Iztok has been at it again, making comments that prompt another post. 🙂 He expresses his view that there are only two viable options for mobile development. The first is essentially the web-based technology approach (HTML/JS/PhoneGap etc) and the other is the platform native tool chains, Eclipse/AndroidStudio/Xcode etc.
He may be correct about the latter, and at some point in the future I may have to switch from Oxygene to those platform tool chains.
The Future Perhaps Lies in the Past
Before Oxygene I already tried those platform tools. I just couldn’t get on with Eclipse at all and have always hated Java. I also started learning Xcode and Objective-C and whilst this was vastly more enjoyable than Java/Eclipse and I could appreciate the idiosyncrasies of Objective-C at a technical level, it was still not what I’d call fun. And when the learning is for it’s own sake, fun is a key ingredient.
The problem I think is/was this: I have 20 years of Pascal behind me (plus numerous other languages, but Pascal has been my principle language skill). With so much ingrained knowledge, It’s asking a lot to learn a new IDE, a new framework (two in fact) and a new language all in one go. A far different proposition than when it’s the first and only thing you have learned, with no habits and preferences having had time to bed in.
But lest you get the wrong impression, I am by no means a monoglot. Over the years I have used many languages in a commercial setting, sometimes even at the same time (i.e. within a single project/product development). These have included, in no particular order:
- various BASIC dialects (GW, SuperBase, DATA/BASIC, VB)
- TurboPascal For Windows
and, of course
Something I have found over the past 20 years is that I – personally – find it easier to learn by relating new knowledge to the fundamentals of familiar ones before grappling with the entirely new aspects.
I find that it helps to have familiar points of reference off of which to hang your learning.
Whether this was a habit I formed from my first experience of acquiring a new (i.e. more than one) language or whether that first experience was simply the first time I was exposed to this method of learning, I don’t know. Cause or Effect ? I’m not qualified to decide. 🙂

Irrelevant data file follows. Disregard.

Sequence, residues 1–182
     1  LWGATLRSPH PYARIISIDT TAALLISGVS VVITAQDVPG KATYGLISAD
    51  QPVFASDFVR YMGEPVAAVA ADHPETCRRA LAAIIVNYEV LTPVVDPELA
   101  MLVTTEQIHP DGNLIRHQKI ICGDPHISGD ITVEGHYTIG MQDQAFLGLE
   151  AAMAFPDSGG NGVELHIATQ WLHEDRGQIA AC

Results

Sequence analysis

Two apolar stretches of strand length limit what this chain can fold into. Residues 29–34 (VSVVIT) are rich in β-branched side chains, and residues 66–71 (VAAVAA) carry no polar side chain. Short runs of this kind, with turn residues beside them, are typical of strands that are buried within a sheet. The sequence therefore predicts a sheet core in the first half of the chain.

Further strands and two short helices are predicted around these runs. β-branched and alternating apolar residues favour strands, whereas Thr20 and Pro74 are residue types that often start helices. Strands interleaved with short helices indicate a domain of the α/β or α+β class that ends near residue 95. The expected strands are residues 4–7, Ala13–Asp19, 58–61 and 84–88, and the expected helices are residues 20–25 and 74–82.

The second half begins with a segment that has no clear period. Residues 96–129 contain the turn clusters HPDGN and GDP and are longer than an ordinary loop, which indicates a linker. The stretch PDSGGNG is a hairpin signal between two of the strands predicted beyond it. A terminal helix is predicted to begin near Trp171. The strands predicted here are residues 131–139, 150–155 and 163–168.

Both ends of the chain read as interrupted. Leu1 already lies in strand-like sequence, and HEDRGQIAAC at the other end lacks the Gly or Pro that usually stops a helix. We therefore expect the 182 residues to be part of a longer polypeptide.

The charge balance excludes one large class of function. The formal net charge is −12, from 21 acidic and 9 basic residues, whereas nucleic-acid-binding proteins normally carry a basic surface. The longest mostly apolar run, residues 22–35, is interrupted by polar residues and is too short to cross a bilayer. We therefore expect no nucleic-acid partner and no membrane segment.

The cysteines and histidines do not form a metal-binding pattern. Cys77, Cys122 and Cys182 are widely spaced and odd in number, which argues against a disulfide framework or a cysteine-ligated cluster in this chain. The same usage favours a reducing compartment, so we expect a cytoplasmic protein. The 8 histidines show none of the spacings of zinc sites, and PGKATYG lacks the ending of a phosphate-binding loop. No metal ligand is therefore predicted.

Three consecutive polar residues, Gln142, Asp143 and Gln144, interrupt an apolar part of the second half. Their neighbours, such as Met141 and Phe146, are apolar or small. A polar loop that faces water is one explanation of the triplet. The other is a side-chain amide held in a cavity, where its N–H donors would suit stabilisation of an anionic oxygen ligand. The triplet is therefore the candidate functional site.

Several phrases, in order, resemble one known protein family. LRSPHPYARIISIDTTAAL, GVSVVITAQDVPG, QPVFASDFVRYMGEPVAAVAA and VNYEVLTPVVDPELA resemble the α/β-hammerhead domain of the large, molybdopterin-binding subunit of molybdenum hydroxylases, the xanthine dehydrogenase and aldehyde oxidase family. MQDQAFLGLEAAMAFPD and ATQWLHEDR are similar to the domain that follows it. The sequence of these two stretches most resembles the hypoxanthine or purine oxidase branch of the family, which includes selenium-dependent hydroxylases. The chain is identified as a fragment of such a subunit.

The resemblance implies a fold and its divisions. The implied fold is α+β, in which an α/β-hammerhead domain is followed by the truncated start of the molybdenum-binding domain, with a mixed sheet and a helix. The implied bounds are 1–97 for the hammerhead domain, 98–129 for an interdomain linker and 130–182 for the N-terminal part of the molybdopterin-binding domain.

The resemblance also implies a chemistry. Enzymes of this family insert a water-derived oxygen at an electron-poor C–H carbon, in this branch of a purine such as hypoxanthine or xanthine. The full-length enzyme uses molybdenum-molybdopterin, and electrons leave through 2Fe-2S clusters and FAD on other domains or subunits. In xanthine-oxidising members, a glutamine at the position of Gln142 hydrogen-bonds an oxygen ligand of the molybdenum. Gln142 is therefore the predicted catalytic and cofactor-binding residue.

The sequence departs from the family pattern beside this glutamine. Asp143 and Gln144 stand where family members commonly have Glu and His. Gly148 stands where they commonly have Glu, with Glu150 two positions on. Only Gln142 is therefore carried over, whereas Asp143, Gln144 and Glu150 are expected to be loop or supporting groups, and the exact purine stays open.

But that first experience provides a useful – and simple – illustration.
From BASIC to ‘C’ – via Pascal
I found my way into this industry through an informal path – entirely self-taught.
The first language I tried to learn after BASIC on various home computers (ZX81, TI-99, Amiga) was ‘C‘ (SAS/Lattice on the Amiga), and I found it near impossible to start with. I just could not get my head around pointers and you couldn’t avoid them since strings were built on them! The syntax and notation perhaps made it harder (for me, for some reason). Then I found the HiSpeed Pascal compiler for the Amiga – based on TurboPascal 5. This was much easier, coming from a BASIC “background” (remember we’re talking teenage bedroom years here, not practical working experience or classroom learning).
Pascal enabled me to learn some more advanced concepts in relatively familiar territory. Strings in particular were something I could just “work with” just as I had been able to in BASIC. I simply had to learn new ways of doing LEFT$ and RIGHT$ etc (learning BASIC on the Amiga meant I had already progressed beyond WHILE INKEY$ WEND as an “event loop” :))
But pointers did also exist in Pascal and in that setting I could make sense of them and the concepts. Thus armed with what I learned in Pascal I could tackle ‘C’ again and this time it was (relatively) easy.
What Does All This Have To Do With Delphi ?
Learning for learning’s sake is all well and good, but when your livelihood depends on skills that you must learn it is also important to choose to learn skills that will continue to support that livelihood.
What is unavoidable is that mobile development is going to become only more important, though I do not believe it will ever entirely supplant the desktop. At least not any time soon.
So I understand the attraction of FireMonkey. It reduces the learning challenge to just one: a new framework – with the promise of easy access to these new mobile platforms. But that framework is a niche within a niche and the knowledge gained isn’t remotely portable outside of that niche. Furthermore, it is my view that the FireMonkey platform is fundamentally flawed both in concept and execution.
Whether you agree or disagree isn’t the point for this discussion. It’s my personal view, and it has informed my learning choice. That is all.
That choice is of course Oxygene.
Perhaps in time I might have to switch to Xcode and Android Studio, but in the meantime I can focus on learning the SDK’s in the comfort of a familiar language (actually a better version of the one I am used to) and a (more) familiar IDE. And if Windows 8/Windows Phone becomes more important than it currently is, I am also gaining familiarity with the environment in which I will have to work to support those “natively” as well.
I can honestly say that I am learning Android and I am learning Cocoa and iOS, in a way that could and should prove useful in the future, whether in the context of Oxygene or not.
But perhaps the real point is that using Oxygene to learn these frameworks reduces the scale of the challenge to a point where it becomes FUN in much the same way that Delphi 1.0 made learning the Windows API fun.